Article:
Extracorporeal lung support for patients who had severe respiratory failure secondary to influenza A (H1N1) 2009 infection in Canada

Darren H Freed, Dietrich Henzler, Chris W White, Robert Fowler, Ryan Zarychanski, Jamie Hutchison, Rakesh C Arora, Rizwan A Manji, Jean-Francois Legare, Tanya Drews, Stasa Veroukis, Murray Kesselman, Anne-Marie Guerguerian, Anand Kumar
Canadian Journal of Anaesthesia 2010, 57 (3): 240-7

BACKGROUND: From March to July 2009, influenza A (H1N1) 2009 (H1N1-2009) virus emerged as a major cause of respiratory failure that required mechanical ventilation. A small proportion of patients who had this condition developed severe respiratory failure that was unresponsive to conventional therapeutic interventions. In this report, we describe characteristics, treatment, and outcomes of critically ill patients in Canada who had H1N1-2009 infection and were treated with extracorporeal lung support (ECLS).

METHODS: We report the findings of a case series of six patients supported with ECLS who were included in a cohort study of critically ill patients with confirmed H1N1-2009 infection. The patients were treated in Canadian adult and pediatric intensive care units (ICUs) from April 16, 2009 to August 12, 2009. We describe the nested sample treated with ECLS and compare it with the larger sample.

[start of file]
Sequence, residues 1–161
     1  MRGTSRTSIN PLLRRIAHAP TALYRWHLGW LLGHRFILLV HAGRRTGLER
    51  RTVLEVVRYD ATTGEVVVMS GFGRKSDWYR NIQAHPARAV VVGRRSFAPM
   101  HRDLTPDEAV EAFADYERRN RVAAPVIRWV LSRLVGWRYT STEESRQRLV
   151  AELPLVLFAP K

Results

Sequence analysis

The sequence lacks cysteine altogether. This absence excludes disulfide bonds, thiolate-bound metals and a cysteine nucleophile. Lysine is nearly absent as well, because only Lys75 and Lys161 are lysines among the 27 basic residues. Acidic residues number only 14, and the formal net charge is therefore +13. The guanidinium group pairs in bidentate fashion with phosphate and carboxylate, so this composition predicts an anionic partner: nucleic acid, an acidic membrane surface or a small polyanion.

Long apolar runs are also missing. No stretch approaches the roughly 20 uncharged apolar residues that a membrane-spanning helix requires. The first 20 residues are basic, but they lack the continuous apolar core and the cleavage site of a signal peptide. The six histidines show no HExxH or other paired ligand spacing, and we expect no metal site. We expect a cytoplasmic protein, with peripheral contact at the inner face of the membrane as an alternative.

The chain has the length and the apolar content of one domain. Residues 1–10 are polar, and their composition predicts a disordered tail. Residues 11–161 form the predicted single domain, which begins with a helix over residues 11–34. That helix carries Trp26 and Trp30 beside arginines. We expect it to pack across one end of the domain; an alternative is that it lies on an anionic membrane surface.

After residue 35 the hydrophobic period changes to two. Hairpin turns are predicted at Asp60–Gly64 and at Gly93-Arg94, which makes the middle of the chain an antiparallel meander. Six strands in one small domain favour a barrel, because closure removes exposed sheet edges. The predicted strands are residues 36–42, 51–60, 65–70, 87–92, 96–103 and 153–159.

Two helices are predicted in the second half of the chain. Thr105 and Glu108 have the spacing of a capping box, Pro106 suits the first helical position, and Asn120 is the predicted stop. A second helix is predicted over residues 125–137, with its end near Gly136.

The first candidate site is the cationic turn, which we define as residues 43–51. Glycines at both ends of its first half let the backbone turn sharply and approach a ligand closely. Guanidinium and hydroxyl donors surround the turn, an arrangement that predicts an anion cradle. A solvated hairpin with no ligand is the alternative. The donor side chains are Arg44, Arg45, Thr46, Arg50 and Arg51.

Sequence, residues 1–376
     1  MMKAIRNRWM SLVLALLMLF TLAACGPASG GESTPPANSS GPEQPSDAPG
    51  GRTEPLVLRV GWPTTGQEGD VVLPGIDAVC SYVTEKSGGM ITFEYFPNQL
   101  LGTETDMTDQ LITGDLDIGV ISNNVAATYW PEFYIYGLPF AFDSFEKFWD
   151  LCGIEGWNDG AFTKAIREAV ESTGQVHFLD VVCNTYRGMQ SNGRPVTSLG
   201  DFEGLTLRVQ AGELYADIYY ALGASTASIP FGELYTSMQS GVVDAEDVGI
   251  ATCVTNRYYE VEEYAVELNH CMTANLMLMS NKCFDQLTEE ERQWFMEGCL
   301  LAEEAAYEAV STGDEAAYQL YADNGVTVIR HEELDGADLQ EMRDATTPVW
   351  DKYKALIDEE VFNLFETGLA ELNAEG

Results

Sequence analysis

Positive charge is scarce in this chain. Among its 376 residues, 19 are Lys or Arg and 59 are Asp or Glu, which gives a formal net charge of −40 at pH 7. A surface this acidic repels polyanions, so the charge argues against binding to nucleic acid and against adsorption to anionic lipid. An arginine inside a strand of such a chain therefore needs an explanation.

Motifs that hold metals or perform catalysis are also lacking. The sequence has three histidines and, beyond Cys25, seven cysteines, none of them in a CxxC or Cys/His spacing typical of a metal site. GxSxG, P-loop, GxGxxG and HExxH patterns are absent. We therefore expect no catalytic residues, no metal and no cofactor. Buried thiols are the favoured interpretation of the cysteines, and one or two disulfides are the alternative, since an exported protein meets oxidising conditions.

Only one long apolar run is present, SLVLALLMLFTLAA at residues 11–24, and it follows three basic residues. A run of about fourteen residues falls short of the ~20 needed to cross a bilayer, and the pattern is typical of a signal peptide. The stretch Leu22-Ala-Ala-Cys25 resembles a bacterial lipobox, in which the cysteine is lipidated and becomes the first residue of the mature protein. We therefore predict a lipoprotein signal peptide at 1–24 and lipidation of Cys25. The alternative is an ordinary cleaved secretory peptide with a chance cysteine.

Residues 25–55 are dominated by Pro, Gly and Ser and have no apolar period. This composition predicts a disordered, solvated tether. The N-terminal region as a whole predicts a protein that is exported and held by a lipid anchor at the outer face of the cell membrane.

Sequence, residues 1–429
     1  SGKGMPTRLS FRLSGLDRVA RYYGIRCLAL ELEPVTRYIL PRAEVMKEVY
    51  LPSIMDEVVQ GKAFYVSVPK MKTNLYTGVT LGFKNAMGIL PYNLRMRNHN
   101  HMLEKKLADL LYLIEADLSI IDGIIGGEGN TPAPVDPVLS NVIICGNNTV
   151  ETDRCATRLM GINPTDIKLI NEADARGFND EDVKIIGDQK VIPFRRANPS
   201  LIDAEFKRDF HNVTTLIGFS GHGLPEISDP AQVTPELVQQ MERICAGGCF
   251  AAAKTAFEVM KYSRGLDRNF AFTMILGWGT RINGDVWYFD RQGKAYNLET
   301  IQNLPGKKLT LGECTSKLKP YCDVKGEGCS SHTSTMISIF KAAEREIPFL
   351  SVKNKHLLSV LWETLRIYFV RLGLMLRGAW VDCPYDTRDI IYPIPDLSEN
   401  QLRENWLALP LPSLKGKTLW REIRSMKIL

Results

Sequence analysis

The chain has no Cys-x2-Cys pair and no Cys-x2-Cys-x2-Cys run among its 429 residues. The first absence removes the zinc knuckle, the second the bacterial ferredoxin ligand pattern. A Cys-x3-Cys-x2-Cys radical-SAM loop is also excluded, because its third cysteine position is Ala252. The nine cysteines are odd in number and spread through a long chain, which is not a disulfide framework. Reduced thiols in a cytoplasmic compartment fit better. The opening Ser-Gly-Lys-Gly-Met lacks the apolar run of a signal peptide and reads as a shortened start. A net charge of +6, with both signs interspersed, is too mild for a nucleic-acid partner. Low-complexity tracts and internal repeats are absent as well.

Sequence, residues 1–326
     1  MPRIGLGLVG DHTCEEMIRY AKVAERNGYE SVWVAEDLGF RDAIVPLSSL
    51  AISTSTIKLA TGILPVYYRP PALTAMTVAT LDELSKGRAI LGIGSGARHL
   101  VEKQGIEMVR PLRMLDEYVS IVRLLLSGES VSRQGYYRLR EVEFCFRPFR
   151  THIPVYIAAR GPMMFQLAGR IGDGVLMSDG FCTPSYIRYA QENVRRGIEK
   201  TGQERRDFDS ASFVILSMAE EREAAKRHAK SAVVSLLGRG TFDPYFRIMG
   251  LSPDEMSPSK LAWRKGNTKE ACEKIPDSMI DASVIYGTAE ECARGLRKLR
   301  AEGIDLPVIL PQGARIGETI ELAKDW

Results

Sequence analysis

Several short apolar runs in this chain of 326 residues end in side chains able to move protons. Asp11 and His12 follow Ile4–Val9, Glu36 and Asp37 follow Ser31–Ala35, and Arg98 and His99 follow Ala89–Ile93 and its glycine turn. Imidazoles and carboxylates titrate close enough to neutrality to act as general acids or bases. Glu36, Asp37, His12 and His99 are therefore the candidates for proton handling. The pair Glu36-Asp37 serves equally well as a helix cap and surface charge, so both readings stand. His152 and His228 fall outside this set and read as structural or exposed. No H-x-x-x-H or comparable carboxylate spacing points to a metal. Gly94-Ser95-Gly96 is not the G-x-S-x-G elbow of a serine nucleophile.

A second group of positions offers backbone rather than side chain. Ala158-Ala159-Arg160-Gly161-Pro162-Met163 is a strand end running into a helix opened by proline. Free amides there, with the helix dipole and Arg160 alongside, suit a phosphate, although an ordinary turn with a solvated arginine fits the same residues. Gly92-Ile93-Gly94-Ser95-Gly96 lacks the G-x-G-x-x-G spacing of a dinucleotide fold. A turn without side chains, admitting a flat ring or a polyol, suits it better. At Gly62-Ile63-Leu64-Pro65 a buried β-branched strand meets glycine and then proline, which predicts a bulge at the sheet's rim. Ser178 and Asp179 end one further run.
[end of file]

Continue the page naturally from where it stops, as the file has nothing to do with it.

RESULTS: During the study period, 168 patients in Canada were admitted to ICUs for severe respiratory failure due to confirmed H1N1-2009 infection. Due to profound hypoxemia unresponsive to conventional therapeutic interventions, six (3.6%) of these patients were treated with ECLS in four ICUs. Four patients were treated with veno-venous pump-driven extracorporeal membrane oxygenation (vv-ECMO), and two patients were treated with pumpless lung assist (NovaLung iLA). The mean duration of support was 15 days. Four of the six patients survived (66.6%), one of the surviving patients was supported with iLA and the other three surviving patients were supported with ECMO. The two deaths were due to multiorgan failure, which occurred while the patients were on ECLS.

INTERPRETATION: Extracorporeal lung support may be an effective treatment for patients who have H1N1-2009 infection and refractory hypoxemia. Survival of these patients treated with ECLS is similar to that reported for patients who have acute respiratory distress syndrome of other etiologies and are treated with ECMO.

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